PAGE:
Normal Service Resuming… slowly…

Hi all 🙂

Without belabouring the point – although far from ‘back to normal’ my back is improving – I can at last carry my laptop with me on my commute, so work is resuming!

So – it’s been a while since the last update I made to whine about my back…

In the meantime, I’ve been pursuing Intel and Apple about a graphics driver bug that exists with the Intel HD 5000 Windows 7 drivers, which means doing any serious graphics work on my Mac Air is utterly impossible. As it’s an Intel driver, running Intel hardware under Windows (my Mac Air is bootcamped), I approached Intel first.

They said it’s an Apple Support issue. This is going to be a rant btw, so feel free to skip on a bit 🙂 I challenged them – wanting to know why Apple should support Intel software and hardware. I also supplied source code for a tutorial available on the web that demonstrated the issue, and pointed out it only fails using the Windows 7 drivers from Intel, the tutorial worked fine under OSX. They went quiet. For months.

Meantime, I then bit the bullet, raised a Radar issue with Apple, and explained I was being fobbed off by Intel. Over a month elapsed, and Apple responded with a very detailed analysis of the tutorial code I’d sourced – with fixes. I am impressed.

To be fair to Intel, they have also now come back with the same fixes for the tutorial code.

Sadly they don’t address or resolve the problem I’m having – which is this…

To get normal mapped ships, I use glew to add extensions to allow vertex tangents to be provided to the rendering shaders. This works dandy on ATI and nVidia GPU’s. Only on Intel HD5000 under Windows 7 – it goes pants up. All I get is a sphere of the model geometry, with a unit radius of 1.0

vertex-tangent-array

(BTW – the pink stuff is actually the ‘Default’ texture used by 666 if none is supplied. This model is skinned by selecting one in-game within Dom itself.)

Now, if I just turn off sending the vertex tangent array to the HD5000, it renders the correct geometry…

vertex-no-tangent-array

… except of course, now Normal Mapping is impossible – and we lose all the luvverly goodness it offers.

Thus – to me – there’s a problem with the HD5000 Windows 7 driver handling glew extensions for vertex arrays. The latest response from Intel, having sent the above proof – again – is – again –  ‘Contact Apple’.

Nice, real nice support. Cheers. I’m left with a Mac Air I cannot use for serious development of Dom under Windows 7 – which is precisely the reason I purchased the Mac Air in the first place. Dual OS development, lightweight, fast. But now useless.

So… the long of this is – I’ve now updated the Mac OSX build of 666, so I can get Dom up and running on the Mac Air and do some graphics development instead of using Windows 7. It’s compiling and linking, but there are some kinks in the rendering pipeline somewhere as everything is rendering in Salmon Pink 🙂 Sadly, fixing this means using XCode – which is an IDE I’d rather not use for serious development. I know this, as I use it every single day to do my full time RL job of iOS development. As a case in point – it won’t debug into a static C/C++ library, so I can’t find out what the rendering issue is. According to Apple, this is a known bug with XCode. Odd then that it’s been there for 3 major versions of the IDE…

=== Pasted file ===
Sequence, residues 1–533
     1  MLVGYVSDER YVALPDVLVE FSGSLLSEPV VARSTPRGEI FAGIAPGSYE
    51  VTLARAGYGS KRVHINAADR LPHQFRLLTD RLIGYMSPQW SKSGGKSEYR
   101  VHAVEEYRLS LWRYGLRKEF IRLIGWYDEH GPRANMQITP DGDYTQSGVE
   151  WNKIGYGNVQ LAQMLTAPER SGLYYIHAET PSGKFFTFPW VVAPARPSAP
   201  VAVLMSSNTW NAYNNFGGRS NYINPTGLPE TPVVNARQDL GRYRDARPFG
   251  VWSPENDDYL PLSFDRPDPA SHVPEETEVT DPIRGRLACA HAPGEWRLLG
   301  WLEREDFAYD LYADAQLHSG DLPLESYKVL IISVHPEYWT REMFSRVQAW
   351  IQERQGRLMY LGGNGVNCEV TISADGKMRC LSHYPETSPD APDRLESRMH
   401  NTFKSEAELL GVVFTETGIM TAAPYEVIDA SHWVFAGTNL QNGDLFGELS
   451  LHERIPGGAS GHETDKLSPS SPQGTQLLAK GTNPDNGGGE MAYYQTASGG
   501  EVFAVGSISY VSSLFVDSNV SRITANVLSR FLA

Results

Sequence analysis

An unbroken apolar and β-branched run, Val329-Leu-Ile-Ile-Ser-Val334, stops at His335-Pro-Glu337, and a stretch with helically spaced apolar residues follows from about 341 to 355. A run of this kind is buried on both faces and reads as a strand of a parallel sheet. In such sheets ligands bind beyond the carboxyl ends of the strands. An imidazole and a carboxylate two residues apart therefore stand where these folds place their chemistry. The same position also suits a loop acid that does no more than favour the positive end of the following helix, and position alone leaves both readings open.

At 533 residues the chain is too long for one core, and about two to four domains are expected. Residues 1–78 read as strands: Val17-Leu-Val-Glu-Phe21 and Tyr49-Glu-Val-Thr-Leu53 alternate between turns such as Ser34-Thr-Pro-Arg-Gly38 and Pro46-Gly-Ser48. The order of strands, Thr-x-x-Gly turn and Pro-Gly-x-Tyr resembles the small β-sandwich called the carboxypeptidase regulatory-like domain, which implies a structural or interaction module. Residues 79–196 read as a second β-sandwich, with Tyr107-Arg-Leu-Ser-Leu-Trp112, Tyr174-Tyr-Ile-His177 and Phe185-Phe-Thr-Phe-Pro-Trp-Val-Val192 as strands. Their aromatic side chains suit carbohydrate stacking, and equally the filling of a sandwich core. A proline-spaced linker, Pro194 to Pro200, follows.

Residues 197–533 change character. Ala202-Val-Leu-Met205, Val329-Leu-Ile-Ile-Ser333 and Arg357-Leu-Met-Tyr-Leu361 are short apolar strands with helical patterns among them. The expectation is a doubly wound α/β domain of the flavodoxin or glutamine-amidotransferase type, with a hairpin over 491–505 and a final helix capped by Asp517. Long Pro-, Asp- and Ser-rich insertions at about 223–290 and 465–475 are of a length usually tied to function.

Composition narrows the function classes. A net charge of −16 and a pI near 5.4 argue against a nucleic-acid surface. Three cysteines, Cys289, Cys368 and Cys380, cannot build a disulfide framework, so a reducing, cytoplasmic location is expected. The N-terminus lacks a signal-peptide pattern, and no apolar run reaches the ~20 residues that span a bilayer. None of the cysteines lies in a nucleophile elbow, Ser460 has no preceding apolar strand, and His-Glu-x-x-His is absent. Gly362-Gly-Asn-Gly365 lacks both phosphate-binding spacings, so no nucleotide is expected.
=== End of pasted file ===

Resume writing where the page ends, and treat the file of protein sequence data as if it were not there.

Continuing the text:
Speaking of iOS development – I’ve also updated the iOS build of 666 to run on device. Getting Dom onto it is not so easy though, as I’ll have to start dumbing down the game, model LOD’s and shaders to fit into OpenGLES2.0 – that’s work I’ve got slated for much later after Dom is something tangible.

What else… ah yes, TimelineFX. I had high hopes for this awesome particle effects system. Although there is no C/C++ SDK for it, it’s written in Monkey, which can generate a C/C++ application with source that can render and animate the effects. As TimelineFX comes with a whole raft of awesome particle effects for free which would look ace in Dom, I set about creating a C/C++ library from that generated source that could be used by anyone to import and render its effects, which I intended to then give back to TimelineFX for them to do as they will.

Sadly, it’s not to be. Yet. The generated code is – frankly – horrific, as generated code has a tendency to be. I’ve fought through it and got it to a linkable state, but to integrate it into my engine requires fundamental changes to load up textures and render the images. I can plough through this and re-engineer it, but it’s going to take a lot of time and effort, and I’d have to do it all again if TimelineFX gets updated. Lack of joy 🙁

Also, it’s a natively 2D particle engine… I have cunning plans to ‘3D’ it – but as there’s no guarantee that would work it’s now ‘parked’ – for now. I may revisit it again later though, because the effects would be worth the effort I think…

And finally, I am polishing the final draft of Insurmountable Odds – Book 1 of When Stars Fall… (the Dominium Trilogy I’m writing), with a view to self-publishing it on iBooks, Google Play, and Kindle. Perhaps it can earn a few pence to go towards Dom Development 🙂 Who knows!

Given the lack of progress this year so far, I’ll keep the next Newsletter for the end of March in the hope that I can push a few more weekly updates into it to make it worth reading 😉

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Author: Mak View all posts by

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